It was the American author Phyllis McGinley who noted that “a hobby a day keeps the doldrums away”, and during lockdown the critical role that interests play in providing distraction and relaxation has only become more and more evident.
Some insurance professionals have been fortuitous in the activities they dedicate their time and passion to. Examples include director of Johnson Insurance Services Max Johnson who has continued training for an Ironman Triathalon throughout lockdown, and Sharon Brown, MD of Harbour Underwriting, who has been able to exercise her passion for horse riding and dressage during the crisis.
On the other side of the spectrum are people like Shannan Fort, partner, financial lines, cyber, at McGill and Partners who has been eagerly anticipating lockdown lifting so they can enjoy afternoon tea at the Roseberry lounge at the Mandarin Oriental, followed by a trip to the Akasha spa at the Hotel Café Royal in Picadilly. And then there’s those whose passions will not be enabled by a lifting of local restrictions but of global embargos on travel.
Geoff Stilwell (pictured above in his firesuit), CEO and managing director of Beech Underwriting, is among this crowd who are still waiting for the green light allowing international travel so he can join up with his land speed team and get back to the business of setting land speed records.
“We’re all spread far and wide across the world. Part of my team is based in New Zealand, part in Mexico, part in the UK, and part in the US,” he said. “We actually debuted our race car in January 2020 just before the pandemic hit at the Grand National Roadster Show in Pomona, California and the car was ready to go, all we needed to do was put fuel and oil in it and we were ready to rock ‘n’ roll. And now it’s in my workshop in Los Angeles, sitting on its jacks with a cover on it. But we are working on another land speed car as well, plus my 1934 Roadster.”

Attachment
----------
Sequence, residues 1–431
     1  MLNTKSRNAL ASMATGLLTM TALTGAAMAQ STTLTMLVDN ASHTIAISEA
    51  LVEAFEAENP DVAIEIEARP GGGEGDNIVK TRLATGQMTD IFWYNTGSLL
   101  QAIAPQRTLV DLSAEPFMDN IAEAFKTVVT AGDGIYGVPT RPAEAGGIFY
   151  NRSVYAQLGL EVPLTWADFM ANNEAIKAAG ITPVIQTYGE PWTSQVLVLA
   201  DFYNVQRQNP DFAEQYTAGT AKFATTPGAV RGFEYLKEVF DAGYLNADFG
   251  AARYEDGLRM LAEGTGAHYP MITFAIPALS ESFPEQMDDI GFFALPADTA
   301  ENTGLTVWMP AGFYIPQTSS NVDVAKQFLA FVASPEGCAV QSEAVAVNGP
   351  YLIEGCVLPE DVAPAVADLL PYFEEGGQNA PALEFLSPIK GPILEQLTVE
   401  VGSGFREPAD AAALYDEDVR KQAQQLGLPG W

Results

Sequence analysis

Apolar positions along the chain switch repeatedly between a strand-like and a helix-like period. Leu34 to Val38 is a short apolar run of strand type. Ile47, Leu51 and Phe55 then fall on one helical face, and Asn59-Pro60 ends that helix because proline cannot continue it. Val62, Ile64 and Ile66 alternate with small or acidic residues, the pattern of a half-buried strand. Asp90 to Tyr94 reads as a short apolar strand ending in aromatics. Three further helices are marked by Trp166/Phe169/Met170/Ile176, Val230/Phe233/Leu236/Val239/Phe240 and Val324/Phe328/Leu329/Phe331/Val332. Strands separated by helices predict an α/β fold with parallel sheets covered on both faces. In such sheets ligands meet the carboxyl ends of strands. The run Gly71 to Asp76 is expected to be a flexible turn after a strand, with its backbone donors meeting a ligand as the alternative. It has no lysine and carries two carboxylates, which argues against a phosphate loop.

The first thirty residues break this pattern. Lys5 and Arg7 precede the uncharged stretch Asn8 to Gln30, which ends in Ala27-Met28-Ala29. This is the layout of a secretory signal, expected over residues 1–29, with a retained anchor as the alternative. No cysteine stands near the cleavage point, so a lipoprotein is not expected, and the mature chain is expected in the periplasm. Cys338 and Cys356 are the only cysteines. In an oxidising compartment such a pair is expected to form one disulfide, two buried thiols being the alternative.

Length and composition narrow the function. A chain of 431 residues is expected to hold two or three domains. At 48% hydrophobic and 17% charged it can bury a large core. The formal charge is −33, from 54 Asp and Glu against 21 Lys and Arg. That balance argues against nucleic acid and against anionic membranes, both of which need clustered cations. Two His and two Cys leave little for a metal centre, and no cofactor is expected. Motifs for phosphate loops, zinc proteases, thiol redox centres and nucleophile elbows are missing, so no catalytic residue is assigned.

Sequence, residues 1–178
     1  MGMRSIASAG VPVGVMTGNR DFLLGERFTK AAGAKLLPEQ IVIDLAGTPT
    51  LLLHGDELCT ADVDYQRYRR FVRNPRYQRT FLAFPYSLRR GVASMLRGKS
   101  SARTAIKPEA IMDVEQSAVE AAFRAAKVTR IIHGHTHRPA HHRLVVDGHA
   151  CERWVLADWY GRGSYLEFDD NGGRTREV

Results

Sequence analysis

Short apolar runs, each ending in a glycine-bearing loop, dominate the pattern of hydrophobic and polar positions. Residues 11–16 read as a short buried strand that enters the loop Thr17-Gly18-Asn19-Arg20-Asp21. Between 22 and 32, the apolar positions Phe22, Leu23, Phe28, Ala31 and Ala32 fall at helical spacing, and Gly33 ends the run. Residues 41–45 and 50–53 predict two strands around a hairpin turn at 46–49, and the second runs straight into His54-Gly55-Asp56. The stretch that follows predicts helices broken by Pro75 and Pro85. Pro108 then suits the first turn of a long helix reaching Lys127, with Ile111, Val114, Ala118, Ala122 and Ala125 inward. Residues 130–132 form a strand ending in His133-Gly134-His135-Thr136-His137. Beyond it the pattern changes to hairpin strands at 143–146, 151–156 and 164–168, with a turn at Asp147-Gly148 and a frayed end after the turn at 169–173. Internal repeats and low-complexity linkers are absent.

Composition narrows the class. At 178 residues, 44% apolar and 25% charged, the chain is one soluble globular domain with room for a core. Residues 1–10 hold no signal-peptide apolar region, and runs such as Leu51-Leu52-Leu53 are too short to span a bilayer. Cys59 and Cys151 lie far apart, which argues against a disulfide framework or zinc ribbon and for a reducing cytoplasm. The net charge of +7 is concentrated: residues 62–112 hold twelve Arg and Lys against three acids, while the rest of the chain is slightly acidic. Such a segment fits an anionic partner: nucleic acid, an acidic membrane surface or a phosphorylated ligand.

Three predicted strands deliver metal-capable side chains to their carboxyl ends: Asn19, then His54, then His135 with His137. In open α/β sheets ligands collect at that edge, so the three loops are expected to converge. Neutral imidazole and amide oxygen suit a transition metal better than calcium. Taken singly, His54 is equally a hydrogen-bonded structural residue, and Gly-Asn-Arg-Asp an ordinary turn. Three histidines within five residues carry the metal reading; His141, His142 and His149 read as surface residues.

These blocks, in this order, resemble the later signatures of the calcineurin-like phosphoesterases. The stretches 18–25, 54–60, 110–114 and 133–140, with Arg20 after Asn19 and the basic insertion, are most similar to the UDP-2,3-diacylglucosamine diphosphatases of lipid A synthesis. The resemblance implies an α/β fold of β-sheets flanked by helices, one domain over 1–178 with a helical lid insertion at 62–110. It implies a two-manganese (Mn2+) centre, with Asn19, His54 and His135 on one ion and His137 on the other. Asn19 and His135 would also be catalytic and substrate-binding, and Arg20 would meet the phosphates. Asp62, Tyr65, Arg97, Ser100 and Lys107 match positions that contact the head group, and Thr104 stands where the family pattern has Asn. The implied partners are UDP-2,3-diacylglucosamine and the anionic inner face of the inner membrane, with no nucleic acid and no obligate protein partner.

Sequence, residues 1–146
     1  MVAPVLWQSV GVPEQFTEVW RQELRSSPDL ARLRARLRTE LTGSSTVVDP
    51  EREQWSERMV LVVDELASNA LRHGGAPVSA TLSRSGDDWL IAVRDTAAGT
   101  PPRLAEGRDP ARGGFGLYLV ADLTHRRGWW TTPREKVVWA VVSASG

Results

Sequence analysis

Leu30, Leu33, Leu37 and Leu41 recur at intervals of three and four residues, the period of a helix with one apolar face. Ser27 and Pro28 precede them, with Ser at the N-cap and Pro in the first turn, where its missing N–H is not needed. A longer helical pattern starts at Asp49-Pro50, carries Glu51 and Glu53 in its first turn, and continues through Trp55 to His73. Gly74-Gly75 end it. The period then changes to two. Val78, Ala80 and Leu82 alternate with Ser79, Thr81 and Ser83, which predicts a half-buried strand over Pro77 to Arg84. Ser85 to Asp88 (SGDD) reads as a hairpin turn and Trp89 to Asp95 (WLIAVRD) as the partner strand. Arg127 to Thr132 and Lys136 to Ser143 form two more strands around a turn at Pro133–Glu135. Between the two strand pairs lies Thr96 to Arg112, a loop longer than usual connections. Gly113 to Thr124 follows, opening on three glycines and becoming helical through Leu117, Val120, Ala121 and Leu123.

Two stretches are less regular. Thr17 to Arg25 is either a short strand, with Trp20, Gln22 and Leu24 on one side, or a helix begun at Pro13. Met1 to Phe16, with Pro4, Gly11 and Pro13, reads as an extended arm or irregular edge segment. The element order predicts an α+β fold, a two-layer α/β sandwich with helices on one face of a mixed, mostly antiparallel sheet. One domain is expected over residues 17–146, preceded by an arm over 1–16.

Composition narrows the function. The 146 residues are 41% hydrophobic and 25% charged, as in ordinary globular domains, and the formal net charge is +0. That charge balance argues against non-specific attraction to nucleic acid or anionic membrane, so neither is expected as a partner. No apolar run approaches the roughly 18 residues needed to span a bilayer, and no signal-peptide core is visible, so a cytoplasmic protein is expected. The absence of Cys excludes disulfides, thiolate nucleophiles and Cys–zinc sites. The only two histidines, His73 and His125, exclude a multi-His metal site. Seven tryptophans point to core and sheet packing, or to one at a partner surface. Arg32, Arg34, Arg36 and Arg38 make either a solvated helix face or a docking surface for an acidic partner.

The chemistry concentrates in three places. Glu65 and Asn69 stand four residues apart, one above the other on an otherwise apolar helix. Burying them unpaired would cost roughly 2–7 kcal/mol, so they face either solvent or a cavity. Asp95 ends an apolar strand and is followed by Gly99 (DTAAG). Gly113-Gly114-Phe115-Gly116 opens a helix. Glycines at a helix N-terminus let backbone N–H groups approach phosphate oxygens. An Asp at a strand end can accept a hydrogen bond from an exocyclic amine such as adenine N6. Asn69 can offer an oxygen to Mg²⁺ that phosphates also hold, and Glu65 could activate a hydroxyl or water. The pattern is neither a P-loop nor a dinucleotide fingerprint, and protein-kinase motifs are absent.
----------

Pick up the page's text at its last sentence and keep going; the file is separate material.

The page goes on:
Never one to take a moment to slow down, Stilwell and his team are looking forward to getting back behind the wheel and heading to Bonneville Speed Week 2021, where between 600 and 700 teams are likely to be represented this year. This Speed Week is a worldwide phenomenon, he said, which people from every corner of the planet ship their bikes and their cars to America to take part in. Stilwell himself first became involved with race cars through his father who used them to build them when he had a car repair business and who did a lot of work with the film industry.
“I’m one of the lucky ones,” he said, “and the car is there so now I just want to drive it. The car is ready and designed it to go 350mph plus, and if I do go over 300mph for the land speed record in my class, I will be either the fifth or sixth Brit to ever do so… And I tell you when you’re going at those speeds it’s good fun, it really gets the adrenaline going and it gets your attention.
“Of course [land speed racing] is not everyone’s cup of tea but for us, we do it for the love of it. There’s no prize money, you just want your name in those record books and [hopefully] to join one of Bonneville’s very exclusive clubs that commemorate your achievements with specifically coloured hats and t-shirts. You get a red hat for being in the 200 club, a blue hat for 300 and a black hat for 400 - but more people have walked on the moon than have done over 400 miles on the floor.”
For Stilwell and his team, the hope is that international air travel will open up in good time to bring them together at Bonneville Speed Week 2021. It takes a team of 12 to run the car, he said, and they’re all volunteers. That’s what doing something for the love of it really looks like.